On any reported issue, my count was that about four anti-government people to one government spokesman would be cited. On no controversial issue was the government position fairly reported.

The
Fiji Times position was that this was an illegal government, and by definition, nothing it did could be "good." Following the imposition of PERS, the Fiji Times published almost nothing (positive or negative) about what the government was doing.

The de facto government had ceased to exist. But when, on the rare occasion, mention had to be made, the PM and other government people were referred to without their proper titles. This, however justifiable, was a deliberate insult that unwisely invited government retaliation.
Walsh makes a wide-ranging assessment in his analysis and also critiques Western assumptions about the role of the media in a developing country such as Fiji, espousing the need for a development communication model rather than the more familiar Pacific "watchdog" approach. In this context, the Singaporean-inspired model for Fiji isn't quite as extreme as it has been portrayed in Australia and New Zealand:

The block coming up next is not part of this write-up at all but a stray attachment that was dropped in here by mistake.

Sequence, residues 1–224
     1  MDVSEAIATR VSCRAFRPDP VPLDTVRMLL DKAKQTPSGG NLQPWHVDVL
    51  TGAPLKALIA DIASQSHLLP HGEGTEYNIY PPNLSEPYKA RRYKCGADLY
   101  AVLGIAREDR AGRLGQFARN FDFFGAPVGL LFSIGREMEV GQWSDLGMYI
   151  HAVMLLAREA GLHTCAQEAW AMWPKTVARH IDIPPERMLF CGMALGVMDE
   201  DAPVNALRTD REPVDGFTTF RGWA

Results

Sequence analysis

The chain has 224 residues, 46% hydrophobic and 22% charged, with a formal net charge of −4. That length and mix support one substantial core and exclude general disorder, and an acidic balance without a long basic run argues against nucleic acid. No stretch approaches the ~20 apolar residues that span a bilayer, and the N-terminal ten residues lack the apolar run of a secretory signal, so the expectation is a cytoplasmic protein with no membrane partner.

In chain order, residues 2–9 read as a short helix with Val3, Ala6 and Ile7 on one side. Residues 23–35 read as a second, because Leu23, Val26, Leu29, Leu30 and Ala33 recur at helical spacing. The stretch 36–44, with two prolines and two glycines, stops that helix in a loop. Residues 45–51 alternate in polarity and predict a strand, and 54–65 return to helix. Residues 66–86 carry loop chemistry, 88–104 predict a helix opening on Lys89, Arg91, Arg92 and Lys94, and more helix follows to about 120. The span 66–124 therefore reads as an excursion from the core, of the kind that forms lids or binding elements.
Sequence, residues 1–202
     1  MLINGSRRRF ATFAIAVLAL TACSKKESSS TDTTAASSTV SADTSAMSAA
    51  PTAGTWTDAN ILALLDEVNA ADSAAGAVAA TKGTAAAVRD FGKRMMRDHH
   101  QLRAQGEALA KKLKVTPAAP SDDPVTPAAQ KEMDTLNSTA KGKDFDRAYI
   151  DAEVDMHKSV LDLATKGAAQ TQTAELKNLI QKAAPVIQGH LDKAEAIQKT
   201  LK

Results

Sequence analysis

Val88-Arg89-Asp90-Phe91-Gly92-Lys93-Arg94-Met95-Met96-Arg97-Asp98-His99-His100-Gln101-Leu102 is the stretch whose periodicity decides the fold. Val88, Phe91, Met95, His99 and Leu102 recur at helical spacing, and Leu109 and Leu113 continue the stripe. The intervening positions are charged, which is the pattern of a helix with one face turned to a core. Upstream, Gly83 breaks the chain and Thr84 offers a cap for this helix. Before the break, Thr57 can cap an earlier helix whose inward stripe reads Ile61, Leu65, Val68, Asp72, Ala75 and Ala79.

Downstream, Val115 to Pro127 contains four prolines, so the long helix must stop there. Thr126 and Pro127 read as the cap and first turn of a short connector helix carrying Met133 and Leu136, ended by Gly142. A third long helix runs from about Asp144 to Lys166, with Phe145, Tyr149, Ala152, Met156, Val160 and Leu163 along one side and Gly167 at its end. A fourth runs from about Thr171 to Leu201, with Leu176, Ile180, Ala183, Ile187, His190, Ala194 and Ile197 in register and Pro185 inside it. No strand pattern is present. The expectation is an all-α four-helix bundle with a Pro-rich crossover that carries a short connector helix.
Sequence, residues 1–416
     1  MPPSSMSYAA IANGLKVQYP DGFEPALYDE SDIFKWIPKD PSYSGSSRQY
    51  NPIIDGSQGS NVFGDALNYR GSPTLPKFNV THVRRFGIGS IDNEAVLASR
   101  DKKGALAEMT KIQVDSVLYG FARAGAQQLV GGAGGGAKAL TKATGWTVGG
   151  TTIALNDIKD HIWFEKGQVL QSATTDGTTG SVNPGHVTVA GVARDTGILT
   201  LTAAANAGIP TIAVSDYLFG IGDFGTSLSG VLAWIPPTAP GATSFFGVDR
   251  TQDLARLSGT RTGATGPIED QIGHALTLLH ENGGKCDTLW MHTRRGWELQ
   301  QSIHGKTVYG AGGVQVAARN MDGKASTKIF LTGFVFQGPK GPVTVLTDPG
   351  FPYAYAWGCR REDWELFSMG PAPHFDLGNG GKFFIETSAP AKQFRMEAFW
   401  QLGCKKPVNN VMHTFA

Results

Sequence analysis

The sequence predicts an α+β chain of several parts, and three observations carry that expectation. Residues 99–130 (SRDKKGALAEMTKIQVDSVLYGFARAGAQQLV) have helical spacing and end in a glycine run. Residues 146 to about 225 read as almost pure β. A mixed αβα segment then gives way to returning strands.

A third assumption is that western notions of media freedom usually provides the public with access to all information, presented in a fair and balanced manner.

This is only partly true. Most media organisations are run as businesses, owned by businessmen and big business shareholders, and directed by people appointed by these same businessmen and shareholders.

Rarely do we see the media speaking up for the poor, the underprivileged, consumers, the trade unions, workers on strike, or left-leaning governments.
The Fiji Times most certainly did not when Fiji Labour Party-led government was in power. Media ownership and the extent of media freedom are linked.